Article Archive
January/February 2012

Detecting Artery Blockage
With Light and Sound

By Juliann Schaeffer
Aging Well
Vol. 5 No. 1 P. 8

Atherosclerosis, characterized by plaque buildup in arteries, can lead to the rupture of atherosclerotic plaques, which can produce severe life-threatening consequences such as heart attack or stroke, followed by paralysis or even death. Yet atherosclerosis is often undiagnosed until a vascular event occurs, at which time the disease has likely progressed. However, new research is seeking to detect cardiovascular disease earlier—when it’s easier to treat—using light and sound waves to detect fatty deposits in tissues.

Photoacoustic imaging, an ultrasound-guided biomedical imaging modality, is based on the photoacoustic effect. “In photoacoustic imaging, nonionizing laser pulses irradiate biological tissues. The delivered energy is absorbed by various tissue components and converted into heat, leading to transient thermoelastic expansion, which creates a wideband [eg, megahertz] acoustic emission,” explains Iulia M. Graf, PhD, an assistant research scientist in the department of biomedical engineering at the University of Texas at Austin, who is working on research that seeks to develop photoacoustic imaging systems to improve the diagnosis and treatment of cardiovascular disease.

In photoacoustic imaging, these generated acoustic waves are then detected by ultrasonic transducers to form either 2-D or 3-D images that can illustrate the fatty deposits in atherosclerotic plaques. “The optical absorption of each tissue component is closely associated with physiological properties such as lipid concentration or oxygen saturation. As a result, the magnitude of the ultrasonic emission [ie, the photoacoustic signal], which is proportional to the local energy deposition, reveals physiologically specific optical absorption contrast,” Graf explains, thus creating a 2-D or 3-D map of the tissue composition in a particular patient.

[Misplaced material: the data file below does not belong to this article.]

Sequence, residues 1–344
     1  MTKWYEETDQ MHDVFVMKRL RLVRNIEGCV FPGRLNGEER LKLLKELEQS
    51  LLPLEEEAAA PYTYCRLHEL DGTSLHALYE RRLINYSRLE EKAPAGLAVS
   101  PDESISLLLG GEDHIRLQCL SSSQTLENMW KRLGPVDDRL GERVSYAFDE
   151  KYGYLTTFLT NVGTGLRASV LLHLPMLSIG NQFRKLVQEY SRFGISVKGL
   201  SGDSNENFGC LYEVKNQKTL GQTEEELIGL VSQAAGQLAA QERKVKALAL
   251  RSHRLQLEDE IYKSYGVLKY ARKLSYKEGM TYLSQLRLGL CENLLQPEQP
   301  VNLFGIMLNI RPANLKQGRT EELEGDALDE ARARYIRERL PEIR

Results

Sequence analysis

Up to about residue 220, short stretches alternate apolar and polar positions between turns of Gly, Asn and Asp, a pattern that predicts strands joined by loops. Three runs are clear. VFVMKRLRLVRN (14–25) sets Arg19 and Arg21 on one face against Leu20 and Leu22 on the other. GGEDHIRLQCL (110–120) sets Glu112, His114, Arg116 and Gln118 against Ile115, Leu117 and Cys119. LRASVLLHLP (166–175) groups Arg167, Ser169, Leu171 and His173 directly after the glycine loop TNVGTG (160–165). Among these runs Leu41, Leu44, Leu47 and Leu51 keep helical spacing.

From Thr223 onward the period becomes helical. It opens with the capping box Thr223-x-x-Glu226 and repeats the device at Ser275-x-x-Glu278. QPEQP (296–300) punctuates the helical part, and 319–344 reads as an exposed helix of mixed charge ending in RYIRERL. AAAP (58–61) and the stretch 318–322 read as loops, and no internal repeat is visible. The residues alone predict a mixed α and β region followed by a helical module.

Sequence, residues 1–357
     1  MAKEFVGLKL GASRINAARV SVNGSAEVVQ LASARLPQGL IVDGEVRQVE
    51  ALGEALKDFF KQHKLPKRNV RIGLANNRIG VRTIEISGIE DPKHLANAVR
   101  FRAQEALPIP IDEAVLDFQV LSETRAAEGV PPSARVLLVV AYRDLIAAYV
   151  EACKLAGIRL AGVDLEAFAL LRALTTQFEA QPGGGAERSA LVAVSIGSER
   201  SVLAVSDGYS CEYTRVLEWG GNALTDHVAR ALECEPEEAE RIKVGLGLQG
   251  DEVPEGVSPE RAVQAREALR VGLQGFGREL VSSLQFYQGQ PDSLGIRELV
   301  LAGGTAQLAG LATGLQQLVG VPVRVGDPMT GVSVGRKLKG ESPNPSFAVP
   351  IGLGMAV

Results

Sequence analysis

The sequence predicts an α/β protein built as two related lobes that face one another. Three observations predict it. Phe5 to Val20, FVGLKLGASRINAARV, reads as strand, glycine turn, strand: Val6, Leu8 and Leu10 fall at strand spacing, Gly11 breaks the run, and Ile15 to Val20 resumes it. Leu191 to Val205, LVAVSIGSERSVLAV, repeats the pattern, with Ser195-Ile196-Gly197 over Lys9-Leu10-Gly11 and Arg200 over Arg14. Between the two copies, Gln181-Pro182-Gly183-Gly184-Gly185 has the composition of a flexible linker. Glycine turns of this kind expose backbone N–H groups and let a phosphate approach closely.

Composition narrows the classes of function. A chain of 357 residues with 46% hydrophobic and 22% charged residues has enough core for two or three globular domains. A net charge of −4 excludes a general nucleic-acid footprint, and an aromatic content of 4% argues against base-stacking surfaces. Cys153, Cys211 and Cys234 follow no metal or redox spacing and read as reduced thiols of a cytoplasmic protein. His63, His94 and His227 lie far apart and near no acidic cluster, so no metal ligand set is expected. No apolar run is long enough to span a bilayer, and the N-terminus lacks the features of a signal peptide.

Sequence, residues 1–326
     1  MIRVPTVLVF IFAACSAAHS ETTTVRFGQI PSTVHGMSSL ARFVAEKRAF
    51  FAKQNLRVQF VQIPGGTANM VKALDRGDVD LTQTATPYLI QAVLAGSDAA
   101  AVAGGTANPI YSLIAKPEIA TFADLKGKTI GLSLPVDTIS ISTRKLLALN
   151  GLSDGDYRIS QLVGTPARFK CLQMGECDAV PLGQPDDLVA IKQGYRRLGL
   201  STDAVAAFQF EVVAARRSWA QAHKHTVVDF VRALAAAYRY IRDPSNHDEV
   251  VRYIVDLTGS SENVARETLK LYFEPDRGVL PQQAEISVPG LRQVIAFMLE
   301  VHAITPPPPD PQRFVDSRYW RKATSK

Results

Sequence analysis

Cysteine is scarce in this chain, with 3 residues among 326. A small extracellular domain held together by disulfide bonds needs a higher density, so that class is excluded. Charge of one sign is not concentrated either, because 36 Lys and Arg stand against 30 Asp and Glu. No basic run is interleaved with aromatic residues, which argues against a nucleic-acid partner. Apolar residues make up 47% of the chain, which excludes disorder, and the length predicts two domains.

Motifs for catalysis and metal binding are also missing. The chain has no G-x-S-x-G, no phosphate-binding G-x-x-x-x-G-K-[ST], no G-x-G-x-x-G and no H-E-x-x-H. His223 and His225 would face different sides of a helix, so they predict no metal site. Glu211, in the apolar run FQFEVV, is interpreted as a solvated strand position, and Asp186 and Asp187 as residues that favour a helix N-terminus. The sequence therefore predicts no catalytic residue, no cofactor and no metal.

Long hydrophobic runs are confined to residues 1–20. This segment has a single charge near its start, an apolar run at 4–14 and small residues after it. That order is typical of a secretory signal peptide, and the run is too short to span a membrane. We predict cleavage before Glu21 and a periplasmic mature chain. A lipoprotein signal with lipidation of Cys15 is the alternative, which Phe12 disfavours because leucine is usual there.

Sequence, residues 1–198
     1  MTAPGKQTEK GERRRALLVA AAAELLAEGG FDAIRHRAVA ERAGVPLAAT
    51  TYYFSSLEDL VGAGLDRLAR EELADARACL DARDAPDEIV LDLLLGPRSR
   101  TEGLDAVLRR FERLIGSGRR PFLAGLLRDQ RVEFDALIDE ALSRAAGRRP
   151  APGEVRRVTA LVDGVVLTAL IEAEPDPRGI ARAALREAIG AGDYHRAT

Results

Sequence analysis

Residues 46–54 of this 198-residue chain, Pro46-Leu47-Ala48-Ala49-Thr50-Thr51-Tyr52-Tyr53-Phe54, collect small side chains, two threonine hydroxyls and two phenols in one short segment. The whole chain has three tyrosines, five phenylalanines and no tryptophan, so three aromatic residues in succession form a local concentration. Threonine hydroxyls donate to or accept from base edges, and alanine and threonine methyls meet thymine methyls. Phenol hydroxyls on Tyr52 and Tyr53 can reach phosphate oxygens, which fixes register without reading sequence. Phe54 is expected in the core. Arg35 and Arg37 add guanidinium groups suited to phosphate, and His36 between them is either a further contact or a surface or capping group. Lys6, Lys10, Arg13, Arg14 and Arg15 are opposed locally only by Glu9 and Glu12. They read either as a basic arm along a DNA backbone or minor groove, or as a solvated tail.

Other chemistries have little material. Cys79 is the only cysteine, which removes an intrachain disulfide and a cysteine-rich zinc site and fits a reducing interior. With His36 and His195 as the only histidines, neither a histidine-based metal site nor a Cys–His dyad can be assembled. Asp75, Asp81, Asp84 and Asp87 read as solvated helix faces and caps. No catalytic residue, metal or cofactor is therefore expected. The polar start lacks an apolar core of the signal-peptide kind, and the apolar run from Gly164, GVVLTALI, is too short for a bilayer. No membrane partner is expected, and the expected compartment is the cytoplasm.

Through research published in June 2011 in Physical Review Letters, Ji-Xin Cheng, PhD, an associate professor of analytical and physical chemistry at Purdue University developed a similar technique called vibrational photoacoustic microscopy (VPM) that “uses a pulsed near-infrared laser to excite the chemical bond vibration. The vibrational energy is transferred to heat and thereafter induces a local thermal expansion in the tissue,” he says. This thermal expansion thus produces an ultrasound wave for detection.

Previous research has focused on using near-infrared laser light alone yet Cheng says this technique has its limitations. “The key is acoustic detection,” he says. Whereas near-infrared light detects only absorption, he notes, “If we directly detect the photons, most signals are contributed by scattering that contains no chemical information. Acoustic detection also allows 3-D mapping through measuring the phase of the sound signal.”

In time, and with additional research studies, Graf says photoacoustic imaging could be used to help doctors detect atherosclerosis at earlier stages than currently possible.

As Graf explains, “Human atherosclerosis develops very slowly and at different rates from individual to individual, and with the currently available imaging techniques, it is difficult to distinguish between lesion initiation and progression. A thickened or nonhomogeneous intima-media layer is the first sign of arterial lesions, preceding the development of atherosclerotic plaques.

“Thus a common clinical tool for diagnosis of early atherosclerosis is the measurement of intima-media thickness using conventional ultrasound imaging,” she says of how the disease is currently diagnosed.

While she explains that several studies have been published concerning the importance of lipoprotein interaction with proteoglycans in early atherogenesis, Graf says it’s been unclear whether extracellular lipid and proteoglycan accumulation precede macrophage infiltration in human atherosclerotic plaques.